Joined: Apr 22, 2013 Posts: 21 Location: South Carolina
Posted: Sat May 11, 2013 3:51 am Post subject: GD-ROM Laser Calibration Guide
To perform the laser recalibration, you'll need the following tools:
Phillips cross screwdriver, medium head size
small flat screwdriver or a small knife
Although not necessarily required, it's good to have an ohmmeter or oscilloscope. It's OK if you don't have one - operation can be done without it, but it's a bit riskier and more time consuming. A Chinese-made ohmmeter will work just fine, so head on to your local Chinese shop if you don't want to take chances.
Let's get to work.
Only four regular screws separate us from its internal components. To get to them, turn the console upside down.
Three corner screws can be seen directly, and the fourth one is hidden behind the modem, on the left side.
When the screws are loose, you can move the console to it's original position and lift the mask up. It should lift almost without any effort. You will see console's interior.
Laser lens will most likely be in the position marked on the picture, next to the disc spinning wheel. In order to reach the potentiometer which determines laser's intensity, you have to move the lens manually, as pictured below.
You'll hear a delicate cracking sound - the sound of a plastic gear moving against it's will. As long as you are gentle and don't overdo it, no harm will be done. When the laser is moved all the way, you can slowly lift the whole construction towards the right side, taking care of the flat cables.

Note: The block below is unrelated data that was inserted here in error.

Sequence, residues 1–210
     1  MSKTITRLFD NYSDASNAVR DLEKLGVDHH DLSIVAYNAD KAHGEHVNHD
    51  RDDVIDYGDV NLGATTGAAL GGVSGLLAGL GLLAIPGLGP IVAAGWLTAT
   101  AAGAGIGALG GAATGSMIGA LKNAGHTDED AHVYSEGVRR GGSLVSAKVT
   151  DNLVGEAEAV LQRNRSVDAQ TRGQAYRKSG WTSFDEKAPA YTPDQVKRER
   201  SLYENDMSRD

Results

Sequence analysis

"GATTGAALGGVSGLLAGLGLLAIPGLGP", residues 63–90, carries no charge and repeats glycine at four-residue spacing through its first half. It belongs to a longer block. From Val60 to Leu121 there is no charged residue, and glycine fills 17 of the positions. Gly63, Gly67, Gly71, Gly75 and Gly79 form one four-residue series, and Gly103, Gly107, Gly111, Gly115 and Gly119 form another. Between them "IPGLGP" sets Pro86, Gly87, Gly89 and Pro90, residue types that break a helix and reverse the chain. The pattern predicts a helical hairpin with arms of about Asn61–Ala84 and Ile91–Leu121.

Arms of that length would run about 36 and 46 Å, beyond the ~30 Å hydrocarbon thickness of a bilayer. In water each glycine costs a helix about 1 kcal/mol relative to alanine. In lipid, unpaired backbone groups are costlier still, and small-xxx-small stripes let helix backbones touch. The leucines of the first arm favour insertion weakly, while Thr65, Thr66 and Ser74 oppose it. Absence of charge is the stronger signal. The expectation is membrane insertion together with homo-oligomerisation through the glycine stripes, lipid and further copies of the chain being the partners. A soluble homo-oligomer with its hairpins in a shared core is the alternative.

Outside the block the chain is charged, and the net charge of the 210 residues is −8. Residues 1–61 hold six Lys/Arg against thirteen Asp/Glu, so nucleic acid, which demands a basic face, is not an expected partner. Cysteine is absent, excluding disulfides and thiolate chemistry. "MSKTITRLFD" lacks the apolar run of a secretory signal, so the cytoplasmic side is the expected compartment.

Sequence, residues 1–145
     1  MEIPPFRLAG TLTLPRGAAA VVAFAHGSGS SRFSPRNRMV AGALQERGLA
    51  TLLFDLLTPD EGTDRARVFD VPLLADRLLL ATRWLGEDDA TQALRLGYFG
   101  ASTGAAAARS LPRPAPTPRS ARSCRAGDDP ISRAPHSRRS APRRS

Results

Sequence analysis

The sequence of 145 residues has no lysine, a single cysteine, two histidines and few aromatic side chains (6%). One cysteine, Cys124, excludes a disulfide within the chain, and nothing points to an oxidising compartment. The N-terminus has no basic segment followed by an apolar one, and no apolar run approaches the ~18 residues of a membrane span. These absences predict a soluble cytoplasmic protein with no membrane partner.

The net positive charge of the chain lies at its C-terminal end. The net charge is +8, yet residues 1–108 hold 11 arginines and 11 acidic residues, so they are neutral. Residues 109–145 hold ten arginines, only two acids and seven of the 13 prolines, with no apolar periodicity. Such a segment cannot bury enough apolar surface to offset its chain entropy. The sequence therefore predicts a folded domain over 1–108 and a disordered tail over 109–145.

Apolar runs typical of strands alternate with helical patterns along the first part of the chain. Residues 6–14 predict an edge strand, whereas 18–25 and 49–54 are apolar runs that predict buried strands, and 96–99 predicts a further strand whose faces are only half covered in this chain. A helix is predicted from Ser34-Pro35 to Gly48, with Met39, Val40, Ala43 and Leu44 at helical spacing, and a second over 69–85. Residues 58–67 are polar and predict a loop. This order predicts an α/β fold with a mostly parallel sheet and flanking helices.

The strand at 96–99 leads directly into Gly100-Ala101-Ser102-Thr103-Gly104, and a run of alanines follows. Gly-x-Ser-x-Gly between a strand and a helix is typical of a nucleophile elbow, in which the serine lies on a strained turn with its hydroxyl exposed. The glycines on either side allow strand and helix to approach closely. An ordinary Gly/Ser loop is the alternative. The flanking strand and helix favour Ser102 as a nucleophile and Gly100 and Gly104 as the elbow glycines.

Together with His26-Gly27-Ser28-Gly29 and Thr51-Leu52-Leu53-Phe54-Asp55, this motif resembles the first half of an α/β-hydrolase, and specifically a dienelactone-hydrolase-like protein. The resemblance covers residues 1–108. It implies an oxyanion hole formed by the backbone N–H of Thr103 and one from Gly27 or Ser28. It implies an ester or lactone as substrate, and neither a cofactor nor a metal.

You'll see the bottom side of the laser's mechanism. Right next to the flat cable is our potentiometer. It's probably sealed with red varnish to prevent it from moving. At this moment, it's very important to mark the starting position of potentiometer, so you can return to defaults if such need arises. You can do that by measuring the resistance with ohmmeter, or simply by marking the position with a soft pen.
It's important to measure the resistance before you start manipulating the potentiometer because different console models can have different starting values. You won't know how far you can safely go until you know the original resistance.
You'll need to decrease the potentiometers resistance (which results in increasing laser's power and disc reading ability). If you have an ohmmeter, decrease the resistance by a few ohms. If you do it manually, without a measuring device, simply turn the potentiometer clockwise (as shown) for about one degree, or, if you're unable to estimate it, just move it a very, very small bit . If red varnish gets in our way, cut it with a thin scalpel.
After reducing the resistance, put the upper part of the laser back in its place (the lens doesn't need to be moved back this time, it will "park" itself once you turn the console on). It's time to try out your game disc. To do that, you can fully re-assemble the console, but it's also possible to do it in its current state. All you need is the game disc for testing, a power and video cables and a joypad. Before you turn the console on, find a way to permanently press the little switch on the upper right side of the device (possibly with a duct-tape), in order to fool the console that the disc lid is closed.